Coherence theory, and networking
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Coherence theory, and networking

Moral relativism is a failed social experiment. So is moral fundamentalism. I blame modern psychotherapy–partly–for the degradation of a culture that can not tolerate accountability and discernment. It’s why so many TV shows and movies are about serial killers: we can not conceive of a bad guy anymore. The only “bad guy” we can all agree on is a mass murderer. Even that is in danger of being OKified by the shrinked up zeitgeist: ergo Dexter, the lovable serial killer who kills serial killers. We want to rehabilitate everyone in this sophomoric, brainless insistence that there is no evil.

But somewhere between the rocks and the hard place of relativism and fundamentalism is a unitive philosophy that embraces what Teilhard de Chardin called humanism, but still leaves room for shame and discernment. Yes, shame has an important place in social interaction. So does spirituality. I am playing around with the middle way in my head, and I call it coherence theory.

I got to hear some comments about Teilhard de Chardin at a dinner last night that honors classicism. The art critic Donald Kuspit received an award for excellence in the arts, and he spoke about the failure of the avant-guard, which has turned into an empty “frantic trendiness.” It was a great relief to hear someone state outright that the emperor has no clothes. My husband Sabin Howard, being a sculptor, drags me to a lot of art shows, and I have seen a lot of twelfth rate crap. In fact, as soon as anyone says they are an “abstract expressionist,” I know they suck.

Speaking of art that sucks: I was seated at dinner next to some stuffed shirts who run an arts club, and on hearing I was a novelist, they told me with much self-importance that they were honoring Chinua Achebe. I groaned. “For what? His novel ‘Things Fall Apart’ is so badly written! It’s boring and unreadable! He gets attention just because he’s the only one out of Nigeria.”

Immediately, the stuffed shirts wanted to prove that I was rascist and asked me if Obama was just getting votes because he was black.

“That’s not why I voted for him,” I answered. “I voted for him because he’s smart and inspiring, I think he can truly bring change, and I want change!” That shut them up long enough for me to carry on for a while about what a piece of cockroach manure “Things Fall Apart” is. The stuffed shirts managed to save themselves by turning away to talk to other people, and I seized the opportunity to make vomiting motions in their direction. It got a laugh out of my husband but probably didn’t endear me to the artsy fartsy shirts.

Later, in the cab ride home, the great Burt Silverman, a realist portrait painter who actually has a foundation in craftsmanship and tradition, twitted me about my oration on the indignity of art. “You were networking?” he asked wryly. Probably not.

Update from a few years later: The stuffed shirt who insulted me embezzled money from the arts club–a LOT of money. Sometimes my instincts hit the bull’s eye.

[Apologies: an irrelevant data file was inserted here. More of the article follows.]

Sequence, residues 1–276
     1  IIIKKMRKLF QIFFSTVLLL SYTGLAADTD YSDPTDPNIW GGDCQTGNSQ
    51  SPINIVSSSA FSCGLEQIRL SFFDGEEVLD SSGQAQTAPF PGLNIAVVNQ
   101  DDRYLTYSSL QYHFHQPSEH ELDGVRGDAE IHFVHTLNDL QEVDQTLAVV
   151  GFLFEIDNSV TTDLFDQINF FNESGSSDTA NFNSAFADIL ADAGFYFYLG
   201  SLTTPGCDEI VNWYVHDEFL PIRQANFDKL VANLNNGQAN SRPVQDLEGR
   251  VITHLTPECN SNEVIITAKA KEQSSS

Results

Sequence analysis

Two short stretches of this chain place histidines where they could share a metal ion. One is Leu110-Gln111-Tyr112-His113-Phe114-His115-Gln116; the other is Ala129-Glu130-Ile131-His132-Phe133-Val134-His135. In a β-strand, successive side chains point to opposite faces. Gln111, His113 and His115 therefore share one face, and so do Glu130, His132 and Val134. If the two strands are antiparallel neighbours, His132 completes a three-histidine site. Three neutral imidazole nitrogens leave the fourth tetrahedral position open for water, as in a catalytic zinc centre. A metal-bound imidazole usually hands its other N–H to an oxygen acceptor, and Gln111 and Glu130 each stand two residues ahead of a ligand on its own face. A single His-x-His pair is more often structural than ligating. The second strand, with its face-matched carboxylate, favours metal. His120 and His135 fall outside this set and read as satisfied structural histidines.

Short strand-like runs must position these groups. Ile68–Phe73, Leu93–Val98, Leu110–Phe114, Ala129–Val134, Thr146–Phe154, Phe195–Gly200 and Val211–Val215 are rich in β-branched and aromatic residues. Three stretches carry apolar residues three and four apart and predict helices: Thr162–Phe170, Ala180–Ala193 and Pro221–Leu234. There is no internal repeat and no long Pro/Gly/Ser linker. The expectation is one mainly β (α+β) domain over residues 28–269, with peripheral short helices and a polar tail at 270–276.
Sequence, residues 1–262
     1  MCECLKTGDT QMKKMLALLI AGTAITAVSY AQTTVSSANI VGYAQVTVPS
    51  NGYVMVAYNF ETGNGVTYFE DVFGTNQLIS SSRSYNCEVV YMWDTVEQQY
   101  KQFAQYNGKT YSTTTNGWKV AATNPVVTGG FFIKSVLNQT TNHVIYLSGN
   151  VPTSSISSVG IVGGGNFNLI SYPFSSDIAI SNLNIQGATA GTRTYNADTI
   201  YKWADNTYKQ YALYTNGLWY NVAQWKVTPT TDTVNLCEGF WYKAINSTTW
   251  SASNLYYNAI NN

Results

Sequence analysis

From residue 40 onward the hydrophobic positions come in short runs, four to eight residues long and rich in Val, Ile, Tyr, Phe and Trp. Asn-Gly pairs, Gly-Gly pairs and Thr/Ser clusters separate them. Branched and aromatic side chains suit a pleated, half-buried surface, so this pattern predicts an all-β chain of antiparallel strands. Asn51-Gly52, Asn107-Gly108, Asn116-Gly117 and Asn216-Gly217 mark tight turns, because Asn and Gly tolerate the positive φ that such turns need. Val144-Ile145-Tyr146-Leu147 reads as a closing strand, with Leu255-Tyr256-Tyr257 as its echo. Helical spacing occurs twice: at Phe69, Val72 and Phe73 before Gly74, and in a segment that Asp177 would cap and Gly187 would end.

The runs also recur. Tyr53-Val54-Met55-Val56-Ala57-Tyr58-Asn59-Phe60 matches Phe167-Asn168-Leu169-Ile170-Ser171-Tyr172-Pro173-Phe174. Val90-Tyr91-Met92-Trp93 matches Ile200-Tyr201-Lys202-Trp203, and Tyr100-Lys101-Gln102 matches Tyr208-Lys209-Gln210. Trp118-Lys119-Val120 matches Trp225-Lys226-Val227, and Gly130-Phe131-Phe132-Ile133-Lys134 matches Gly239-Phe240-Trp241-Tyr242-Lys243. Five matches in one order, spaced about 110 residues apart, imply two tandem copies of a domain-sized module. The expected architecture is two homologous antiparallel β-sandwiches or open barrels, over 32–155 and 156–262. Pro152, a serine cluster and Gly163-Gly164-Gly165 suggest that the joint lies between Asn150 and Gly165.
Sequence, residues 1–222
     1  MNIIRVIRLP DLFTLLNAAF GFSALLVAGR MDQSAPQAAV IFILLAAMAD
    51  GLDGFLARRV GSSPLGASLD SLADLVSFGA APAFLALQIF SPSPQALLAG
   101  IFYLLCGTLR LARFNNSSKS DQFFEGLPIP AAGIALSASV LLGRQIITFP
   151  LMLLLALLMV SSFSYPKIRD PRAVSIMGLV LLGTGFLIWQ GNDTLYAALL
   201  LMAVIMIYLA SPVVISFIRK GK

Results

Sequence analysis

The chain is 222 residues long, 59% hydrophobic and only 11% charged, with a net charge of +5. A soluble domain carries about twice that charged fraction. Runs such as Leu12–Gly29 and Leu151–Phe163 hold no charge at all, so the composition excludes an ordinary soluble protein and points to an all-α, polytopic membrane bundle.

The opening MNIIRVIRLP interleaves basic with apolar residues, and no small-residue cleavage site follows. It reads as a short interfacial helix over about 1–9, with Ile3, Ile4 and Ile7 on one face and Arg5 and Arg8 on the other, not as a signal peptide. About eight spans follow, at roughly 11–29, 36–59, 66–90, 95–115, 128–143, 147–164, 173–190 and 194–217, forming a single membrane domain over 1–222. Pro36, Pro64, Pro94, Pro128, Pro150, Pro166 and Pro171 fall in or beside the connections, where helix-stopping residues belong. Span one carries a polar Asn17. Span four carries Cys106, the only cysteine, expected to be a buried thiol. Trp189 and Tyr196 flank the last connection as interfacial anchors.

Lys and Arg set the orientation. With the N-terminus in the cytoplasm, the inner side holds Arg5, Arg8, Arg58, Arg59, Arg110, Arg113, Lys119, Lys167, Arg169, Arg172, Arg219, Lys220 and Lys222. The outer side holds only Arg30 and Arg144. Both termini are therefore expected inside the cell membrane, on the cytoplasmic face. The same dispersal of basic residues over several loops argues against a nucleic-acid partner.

On Transparency
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On Transparency

Ramana Maharshi advocates inquiring into the self to find communion with God. He teaches that if you keep asking “Who am I?” deeply enough, persistently enough, and intently enough, you will shatter the incarnational illusions of “i,” the separative little ego, and get to “I am all that is.” It’s a path of discipline toward liberation.
When I ask myself, “Who am I?” I just don’t get that far. I’m still on the journey, I guess. Not disciplined enough. Caught up in the murk and mire of embodiment.
But the journey is worth taking, and it’s fascinating to me to witness the answers that come up at different points in my life. “I am a mother,” is among the top two responses that arise these days. There was a time…before dinosaurs roamed the planet…that I wasn’t someone’s mom. There’s no going back to that time; having had children, I can no longer imagine my life without them. If something suddenly happened and my children were gone forever, I wouldn’t want life. Every parent knows exactly what I mean. Life is demarcated completely and irrevocably by this universal, simple act of having a child.
And so the heart is tangled into a web of love and caretaking, expectation and responsibility, hurt and joy. Does that tangle bind us more deeply into the earth plane, into the opposite of liberation? Isn’t it supposed to be one way out?
So it is with all these questions that I watch as my oldest daughter struggles with her demons, and projects many of them onto other people, as we all do from time to time. By other people, I mostly mean me, her mom, the one nearest at hand, whom she knows will always be there for her, no matter what she says or does. It’s partly her process of individuation; she’s off to college in seven months. She’s got to define herself as separate from me in order to have a distinct core in which to stand when she finds herself on her own. We both know it’s coming.